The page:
Mercadante agrees that, by absolutizing something relative, addiction can be "sinful," what she refers to as a "God-avoiding" behavior. However, she finds the addiction model inadequate for three reasons. Twelve Step programs tend to equate victim and perpetrator. Yet sin is a messy business: Context is critical, and there are degrees of guilt. Focusing on personal sin with an addict trapped in a domestic violence situation, for example, may do more harm than good.

Second, sin cannot be reduced to a single cause. While it may derive from pride ("the desire to be God"), it may just as easily derive from self-loss ("not wanting to be what God requires of us").

Finally, the addiction model fails to distinguish sin from victimization. Mercadante takes as an alternative the Korean minjung theological concept "han," which she defines as "the reaction of the oppressed to having been sinned against." In a sexist culture, a woman’s lack of a "center," for example, could fall into such a category. Without a corresponding concept, Twelve Step theory will not be able to distinguish "coerced self-surrender from manipulative self-loss...controlling behavior versus survival tactics."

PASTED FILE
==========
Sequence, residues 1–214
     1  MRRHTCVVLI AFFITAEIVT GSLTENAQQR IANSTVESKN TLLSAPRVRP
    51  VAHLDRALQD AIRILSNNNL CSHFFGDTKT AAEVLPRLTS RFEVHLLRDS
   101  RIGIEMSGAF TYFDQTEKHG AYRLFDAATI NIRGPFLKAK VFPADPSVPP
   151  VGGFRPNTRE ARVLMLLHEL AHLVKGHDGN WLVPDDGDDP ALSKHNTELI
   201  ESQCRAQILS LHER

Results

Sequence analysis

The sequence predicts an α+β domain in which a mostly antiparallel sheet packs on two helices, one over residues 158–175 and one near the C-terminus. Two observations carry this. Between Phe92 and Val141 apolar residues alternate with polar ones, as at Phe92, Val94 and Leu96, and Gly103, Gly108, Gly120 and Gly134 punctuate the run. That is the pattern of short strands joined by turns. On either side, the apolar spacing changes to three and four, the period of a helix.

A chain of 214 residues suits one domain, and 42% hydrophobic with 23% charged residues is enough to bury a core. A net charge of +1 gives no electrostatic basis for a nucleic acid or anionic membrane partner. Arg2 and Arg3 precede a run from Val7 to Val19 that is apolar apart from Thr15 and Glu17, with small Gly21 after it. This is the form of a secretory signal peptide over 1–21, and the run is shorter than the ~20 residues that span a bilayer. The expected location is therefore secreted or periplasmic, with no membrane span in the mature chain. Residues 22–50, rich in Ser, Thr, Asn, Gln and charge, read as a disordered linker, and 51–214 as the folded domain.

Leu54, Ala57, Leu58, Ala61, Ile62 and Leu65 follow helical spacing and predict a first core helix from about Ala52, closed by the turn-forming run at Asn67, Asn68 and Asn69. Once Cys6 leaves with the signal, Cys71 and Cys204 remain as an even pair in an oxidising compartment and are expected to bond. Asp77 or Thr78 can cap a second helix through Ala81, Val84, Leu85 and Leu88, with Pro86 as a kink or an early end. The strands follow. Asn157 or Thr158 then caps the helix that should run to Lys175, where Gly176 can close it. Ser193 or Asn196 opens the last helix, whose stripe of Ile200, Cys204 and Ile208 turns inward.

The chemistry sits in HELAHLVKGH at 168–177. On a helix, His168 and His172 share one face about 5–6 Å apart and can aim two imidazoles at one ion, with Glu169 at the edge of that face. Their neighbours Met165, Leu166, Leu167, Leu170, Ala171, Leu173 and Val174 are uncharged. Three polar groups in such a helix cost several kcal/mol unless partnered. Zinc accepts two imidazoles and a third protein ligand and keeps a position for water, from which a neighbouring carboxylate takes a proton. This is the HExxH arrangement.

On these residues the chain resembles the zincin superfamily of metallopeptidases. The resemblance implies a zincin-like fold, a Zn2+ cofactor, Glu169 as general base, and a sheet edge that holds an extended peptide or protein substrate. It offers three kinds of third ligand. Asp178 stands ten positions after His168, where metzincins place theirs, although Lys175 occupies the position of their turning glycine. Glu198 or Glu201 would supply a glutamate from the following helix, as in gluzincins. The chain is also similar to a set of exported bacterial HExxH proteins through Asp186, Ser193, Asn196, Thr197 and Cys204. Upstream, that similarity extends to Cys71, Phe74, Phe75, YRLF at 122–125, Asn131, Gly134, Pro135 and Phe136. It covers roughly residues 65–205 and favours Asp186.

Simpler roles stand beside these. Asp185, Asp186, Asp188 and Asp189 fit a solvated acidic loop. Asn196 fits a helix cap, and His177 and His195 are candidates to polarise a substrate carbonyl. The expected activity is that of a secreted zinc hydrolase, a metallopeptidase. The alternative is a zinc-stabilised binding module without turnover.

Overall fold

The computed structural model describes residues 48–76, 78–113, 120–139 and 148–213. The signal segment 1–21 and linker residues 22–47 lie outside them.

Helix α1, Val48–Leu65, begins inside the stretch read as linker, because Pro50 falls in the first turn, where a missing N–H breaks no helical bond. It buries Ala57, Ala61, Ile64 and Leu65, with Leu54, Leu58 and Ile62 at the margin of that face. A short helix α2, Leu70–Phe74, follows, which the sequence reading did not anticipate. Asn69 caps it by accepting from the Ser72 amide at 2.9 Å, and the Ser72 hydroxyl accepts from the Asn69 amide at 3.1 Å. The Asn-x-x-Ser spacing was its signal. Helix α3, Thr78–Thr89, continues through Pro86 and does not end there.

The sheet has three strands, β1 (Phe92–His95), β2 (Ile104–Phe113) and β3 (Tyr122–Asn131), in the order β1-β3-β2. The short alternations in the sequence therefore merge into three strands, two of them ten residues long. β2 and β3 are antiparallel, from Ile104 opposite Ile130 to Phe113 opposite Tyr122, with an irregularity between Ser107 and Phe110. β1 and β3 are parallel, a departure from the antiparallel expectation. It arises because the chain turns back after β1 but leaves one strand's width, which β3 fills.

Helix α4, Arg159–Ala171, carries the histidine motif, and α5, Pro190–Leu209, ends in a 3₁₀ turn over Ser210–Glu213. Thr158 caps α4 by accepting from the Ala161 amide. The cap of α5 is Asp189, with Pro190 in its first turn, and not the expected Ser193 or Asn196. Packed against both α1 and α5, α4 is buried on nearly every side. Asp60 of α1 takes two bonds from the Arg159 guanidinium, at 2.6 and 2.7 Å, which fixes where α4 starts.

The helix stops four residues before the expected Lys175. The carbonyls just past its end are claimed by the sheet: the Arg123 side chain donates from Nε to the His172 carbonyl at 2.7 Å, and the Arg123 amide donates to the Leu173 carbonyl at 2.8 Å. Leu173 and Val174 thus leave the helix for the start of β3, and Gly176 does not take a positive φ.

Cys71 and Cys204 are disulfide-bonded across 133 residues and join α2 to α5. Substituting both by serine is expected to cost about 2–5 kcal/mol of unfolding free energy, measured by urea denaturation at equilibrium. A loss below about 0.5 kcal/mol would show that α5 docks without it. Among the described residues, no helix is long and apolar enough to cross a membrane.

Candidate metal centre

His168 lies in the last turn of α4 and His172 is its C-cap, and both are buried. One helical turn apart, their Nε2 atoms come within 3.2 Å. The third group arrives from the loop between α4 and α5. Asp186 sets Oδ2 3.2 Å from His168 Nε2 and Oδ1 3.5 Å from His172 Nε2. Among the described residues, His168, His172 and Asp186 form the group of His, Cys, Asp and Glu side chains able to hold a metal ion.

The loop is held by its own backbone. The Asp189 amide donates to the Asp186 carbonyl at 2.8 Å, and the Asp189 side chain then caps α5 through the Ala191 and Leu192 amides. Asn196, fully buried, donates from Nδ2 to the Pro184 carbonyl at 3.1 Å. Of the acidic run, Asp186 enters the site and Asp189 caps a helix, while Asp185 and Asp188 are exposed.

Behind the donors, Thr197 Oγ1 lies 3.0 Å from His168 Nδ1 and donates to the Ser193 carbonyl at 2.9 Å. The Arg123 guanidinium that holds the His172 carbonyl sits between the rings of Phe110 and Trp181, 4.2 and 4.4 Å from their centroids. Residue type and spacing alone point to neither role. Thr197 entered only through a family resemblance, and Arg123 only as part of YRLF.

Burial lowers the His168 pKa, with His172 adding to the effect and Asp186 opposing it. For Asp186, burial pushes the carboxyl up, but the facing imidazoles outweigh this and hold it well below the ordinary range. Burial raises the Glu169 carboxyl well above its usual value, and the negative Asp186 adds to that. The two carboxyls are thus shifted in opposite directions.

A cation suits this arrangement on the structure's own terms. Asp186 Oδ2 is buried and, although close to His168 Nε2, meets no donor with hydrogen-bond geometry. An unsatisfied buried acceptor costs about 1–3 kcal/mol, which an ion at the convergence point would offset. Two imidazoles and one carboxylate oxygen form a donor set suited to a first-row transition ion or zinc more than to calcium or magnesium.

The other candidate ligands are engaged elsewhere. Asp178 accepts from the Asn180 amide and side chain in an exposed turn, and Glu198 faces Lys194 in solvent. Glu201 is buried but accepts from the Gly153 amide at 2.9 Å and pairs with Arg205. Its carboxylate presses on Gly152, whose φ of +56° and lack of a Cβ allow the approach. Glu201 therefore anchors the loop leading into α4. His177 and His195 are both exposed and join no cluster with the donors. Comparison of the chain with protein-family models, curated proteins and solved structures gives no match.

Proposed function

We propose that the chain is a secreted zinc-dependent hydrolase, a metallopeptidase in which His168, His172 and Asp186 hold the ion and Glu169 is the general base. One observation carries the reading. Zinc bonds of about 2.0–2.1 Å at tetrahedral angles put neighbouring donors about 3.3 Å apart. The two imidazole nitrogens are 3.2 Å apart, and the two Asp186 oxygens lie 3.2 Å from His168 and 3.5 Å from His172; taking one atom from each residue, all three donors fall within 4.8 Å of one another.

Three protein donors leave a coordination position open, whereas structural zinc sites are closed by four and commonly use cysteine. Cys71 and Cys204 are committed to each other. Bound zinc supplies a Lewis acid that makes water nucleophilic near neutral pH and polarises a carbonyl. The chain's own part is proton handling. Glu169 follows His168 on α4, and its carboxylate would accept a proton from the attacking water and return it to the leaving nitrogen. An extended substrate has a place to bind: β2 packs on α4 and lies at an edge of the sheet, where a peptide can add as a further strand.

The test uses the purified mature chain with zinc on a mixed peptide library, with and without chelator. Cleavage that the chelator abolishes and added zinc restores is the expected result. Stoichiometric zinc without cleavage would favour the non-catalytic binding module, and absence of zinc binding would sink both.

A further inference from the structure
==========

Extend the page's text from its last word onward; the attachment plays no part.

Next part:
Because AA ignores societal factors, the humbling process advocated for alcoholics may prove detrimental. Paradoxically, AA both alleviates and compounds guilt, claiming on the one hand that alcoholism is not a sin but a sickness but then revoking this offer of grace because that sickness derives from personal self-will. (The Big Book of Alcoholics Anonymous itself refers to alcoholics as "the chief of sinners.") Mercadante finds such a charge not only potentially devastating to those already depressed at a vulnerable time, but conducive to self-deprecating attitudes generally.